LECTIO DIVINA: 27th Sunday in Ordinary Time, Cycle C
27th Sun. in Ord. Time C.
Lk. 17:5 – 10.
A. Invoking the Holy Spirit.
We invoke the Holy Spirit using the words of St. Augustine.
Come, Holy Spirit, by whom every devout soul, who believes in Christ, is sanctified to become a citizen of the City of God! (en. Ps. 45:8) Come, Holy Spirit, grant that we receive the motions of God, put in us your flame, enlighten us and raise us up to God. (s. 128, 40) Amen.
With heart well disposed, with serenity, read slowly the following words, savoring them and allowing yourself to be touched by them.
And the Apostles said to the Lord, “Increase our faith.” The Lord replied, “If you have faith the size of a mustard seed, you would say to this mulberry tree, ‘Be uprooted and planted in the sea,’ and it would obey you.
Who among you would say to your servant who has just come in from plowing or tending sheep in the field, ‘Come here immediately and take your place at table’? Would he not say to him, ‘Prepare something for me to eat. Put on your apron and wait on me while I eat and drink. You may eat and drink when I am finished’? Is he grateful to that servant because he did what was commanded? So should it be with you. When you have done all you have been commanded, say, ‘We are unprofitable servants; we have done what we were obliged to do.’” +
Let us now meditate with the commentary of St. Augustine on these words of the Gospel according to St. Luke.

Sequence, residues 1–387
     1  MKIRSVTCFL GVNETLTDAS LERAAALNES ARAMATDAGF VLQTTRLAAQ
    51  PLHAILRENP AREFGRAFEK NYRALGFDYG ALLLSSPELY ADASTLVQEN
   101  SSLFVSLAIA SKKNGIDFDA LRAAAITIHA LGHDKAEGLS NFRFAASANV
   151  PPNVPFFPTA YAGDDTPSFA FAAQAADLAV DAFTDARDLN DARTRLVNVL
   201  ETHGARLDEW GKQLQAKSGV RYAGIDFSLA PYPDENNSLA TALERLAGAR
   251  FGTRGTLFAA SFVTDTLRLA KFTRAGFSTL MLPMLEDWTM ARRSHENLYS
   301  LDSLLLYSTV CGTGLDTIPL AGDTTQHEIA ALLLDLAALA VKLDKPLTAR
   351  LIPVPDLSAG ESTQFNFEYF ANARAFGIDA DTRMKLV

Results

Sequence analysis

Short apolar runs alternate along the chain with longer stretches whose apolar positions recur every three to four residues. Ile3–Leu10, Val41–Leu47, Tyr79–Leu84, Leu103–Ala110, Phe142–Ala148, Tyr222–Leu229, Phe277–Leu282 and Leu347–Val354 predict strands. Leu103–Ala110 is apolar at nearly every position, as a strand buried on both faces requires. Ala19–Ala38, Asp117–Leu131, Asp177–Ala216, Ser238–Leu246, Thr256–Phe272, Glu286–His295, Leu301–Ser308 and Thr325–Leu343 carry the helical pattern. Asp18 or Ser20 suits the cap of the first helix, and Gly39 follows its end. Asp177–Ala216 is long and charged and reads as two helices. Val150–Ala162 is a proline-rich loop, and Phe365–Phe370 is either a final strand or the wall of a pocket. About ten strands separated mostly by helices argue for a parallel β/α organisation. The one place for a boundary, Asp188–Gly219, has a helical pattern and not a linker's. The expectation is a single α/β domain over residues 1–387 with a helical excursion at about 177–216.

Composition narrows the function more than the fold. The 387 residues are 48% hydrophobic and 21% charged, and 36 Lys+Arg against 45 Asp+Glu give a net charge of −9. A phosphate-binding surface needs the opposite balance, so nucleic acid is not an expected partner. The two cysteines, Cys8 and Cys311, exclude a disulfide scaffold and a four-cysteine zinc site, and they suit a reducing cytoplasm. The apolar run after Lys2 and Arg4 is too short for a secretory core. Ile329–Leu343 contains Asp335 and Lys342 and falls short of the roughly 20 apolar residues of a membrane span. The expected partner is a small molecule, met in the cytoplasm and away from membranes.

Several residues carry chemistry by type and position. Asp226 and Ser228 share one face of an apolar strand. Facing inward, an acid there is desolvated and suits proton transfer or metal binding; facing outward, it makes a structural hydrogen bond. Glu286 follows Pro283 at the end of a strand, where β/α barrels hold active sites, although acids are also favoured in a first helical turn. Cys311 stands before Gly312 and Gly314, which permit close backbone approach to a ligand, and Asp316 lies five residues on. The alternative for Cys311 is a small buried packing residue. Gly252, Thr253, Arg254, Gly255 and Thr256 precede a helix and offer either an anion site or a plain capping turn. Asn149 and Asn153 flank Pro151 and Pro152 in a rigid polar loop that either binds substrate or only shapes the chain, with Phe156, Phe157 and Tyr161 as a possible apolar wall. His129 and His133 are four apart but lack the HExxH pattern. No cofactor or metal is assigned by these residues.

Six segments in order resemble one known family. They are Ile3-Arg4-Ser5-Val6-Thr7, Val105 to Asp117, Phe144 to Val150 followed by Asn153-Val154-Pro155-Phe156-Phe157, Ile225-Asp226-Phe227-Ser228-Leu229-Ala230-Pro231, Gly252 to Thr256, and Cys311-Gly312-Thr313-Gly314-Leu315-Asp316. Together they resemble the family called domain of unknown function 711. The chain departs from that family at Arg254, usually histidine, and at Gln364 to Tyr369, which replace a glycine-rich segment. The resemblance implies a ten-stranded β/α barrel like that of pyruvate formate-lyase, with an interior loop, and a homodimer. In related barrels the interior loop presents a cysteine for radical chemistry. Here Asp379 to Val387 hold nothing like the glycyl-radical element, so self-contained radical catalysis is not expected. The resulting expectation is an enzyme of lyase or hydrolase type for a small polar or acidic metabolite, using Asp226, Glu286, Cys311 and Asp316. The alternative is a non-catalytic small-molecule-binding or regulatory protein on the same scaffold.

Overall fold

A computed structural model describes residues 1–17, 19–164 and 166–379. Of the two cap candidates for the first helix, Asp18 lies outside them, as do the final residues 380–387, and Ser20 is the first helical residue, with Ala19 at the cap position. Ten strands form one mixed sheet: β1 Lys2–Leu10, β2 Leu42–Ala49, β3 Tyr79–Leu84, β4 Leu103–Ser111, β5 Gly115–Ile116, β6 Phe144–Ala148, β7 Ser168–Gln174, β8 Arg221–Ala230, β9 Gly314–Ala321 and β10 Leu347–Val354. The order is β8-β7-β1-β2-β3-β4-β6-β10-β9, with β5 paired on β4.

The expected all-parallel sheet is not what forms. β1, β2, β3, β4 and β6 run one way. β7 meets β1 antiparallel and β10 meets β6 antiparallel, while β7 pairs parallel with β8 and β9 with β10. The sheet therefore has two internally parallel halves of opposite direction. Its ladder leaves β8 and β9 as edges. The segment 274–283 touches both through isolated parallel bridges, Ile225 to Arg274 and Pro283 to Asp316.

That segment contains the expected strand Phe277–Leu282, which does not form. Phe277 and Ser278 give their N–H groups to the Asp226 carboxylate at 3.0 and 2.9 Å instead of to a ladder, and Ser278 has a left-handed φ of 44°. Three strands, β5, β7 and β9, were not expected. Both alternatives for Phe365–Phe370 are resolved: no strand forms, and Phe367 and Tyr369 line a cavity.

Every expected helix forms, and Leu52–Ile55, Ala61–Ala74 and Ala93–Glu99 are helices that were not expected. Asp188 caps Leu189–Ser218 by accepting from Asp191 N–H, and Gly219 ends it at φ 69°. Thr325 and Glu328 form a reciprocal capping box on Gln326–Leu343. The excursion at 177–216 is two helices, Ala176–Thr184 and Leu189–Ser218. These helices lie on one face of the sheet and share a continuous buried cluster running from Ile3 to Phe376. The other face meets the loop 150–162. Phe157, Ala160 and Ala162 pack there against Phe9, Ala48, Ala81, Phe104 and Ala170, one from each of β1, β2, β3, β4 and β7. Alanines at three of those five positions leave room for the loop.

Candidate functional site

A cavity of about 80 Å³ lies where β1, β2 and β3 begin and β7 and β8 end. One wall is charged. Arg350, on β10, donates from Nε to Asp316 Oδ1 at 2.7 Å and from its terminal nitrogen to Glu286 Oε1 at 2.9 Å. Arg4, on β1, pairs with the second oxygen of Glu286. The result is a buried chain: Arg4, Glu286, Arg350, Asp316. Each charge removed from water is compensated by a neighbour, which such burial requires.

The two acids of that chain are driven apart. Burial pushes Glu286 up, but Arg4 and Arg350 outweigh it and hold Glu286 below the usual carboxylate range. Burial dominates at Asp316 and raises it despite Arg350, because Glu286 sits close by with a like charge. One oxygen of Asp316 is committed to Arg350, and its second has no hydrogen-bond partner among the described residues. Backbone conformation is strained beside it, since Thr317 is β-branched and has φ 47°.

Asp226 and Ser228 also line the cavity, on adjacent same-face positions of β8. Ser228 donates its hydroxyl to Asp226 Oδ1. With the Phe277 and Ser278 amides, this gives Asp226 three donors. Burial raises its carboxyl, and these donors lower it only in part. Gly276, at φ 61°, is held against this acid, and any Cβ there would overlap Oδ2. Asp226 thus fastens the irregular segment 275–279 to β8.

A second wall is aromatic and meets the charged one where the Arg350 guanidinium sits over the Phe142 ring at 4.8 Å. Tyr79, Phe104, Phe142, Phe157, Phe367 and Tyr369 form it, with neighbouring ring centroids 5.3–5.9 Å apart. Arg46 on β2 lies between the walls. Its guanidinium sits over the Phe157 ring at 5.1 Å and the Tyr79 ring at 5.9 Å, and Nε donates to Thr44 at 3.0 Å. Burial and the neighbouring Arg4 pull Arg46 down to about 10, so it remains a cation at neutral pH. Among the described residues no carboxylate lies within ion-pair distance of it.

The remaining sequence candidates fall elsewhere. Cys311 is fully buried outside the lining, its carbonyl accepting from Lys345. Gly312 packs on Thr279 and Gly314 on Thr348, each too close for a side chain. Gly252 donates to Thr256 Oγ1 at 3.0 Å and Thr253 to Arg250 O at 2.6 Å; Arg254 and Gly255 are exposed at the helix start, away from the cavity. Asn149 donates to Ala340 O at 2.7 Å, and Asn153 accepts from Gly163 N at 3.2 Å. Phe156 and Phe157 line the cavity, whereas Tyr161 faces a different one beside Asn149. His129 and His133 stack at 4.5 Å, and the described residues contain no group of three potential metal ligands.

“Nevertheless, not even when they were incredulous, did the mercy of the Lord abandon them, but that he rebuked them, he nourished them, he perfected them and crowned them. For they also were conscious of their weakness, as we read in certain passage of the Gospel they told him: Lord, increase our faith. Lord, they say, increase our faith. The first important thing for them was the knowledge, i.e., to know of what they were lacking; the great ease, to know from whom they were asking it. Lord, -they say- increase our faith. See, if they were not bringing their hearts as to the fountain and they were knocking that it may be opened to them and he may fill them. He wanted that they knock at the door, not to reject those who do it, but to exercise the desirous ones. (…) Let us live as he commands, and when we vacillate in this life, let us invoke him as his disciple invoked him saying ‘Lord, increase our faith.’ Peter also trusted, but he doubted; nevertheless, he was not despised nor did he sink, but that being helped, he came out floating” (en. Ps. 80, 1, 6).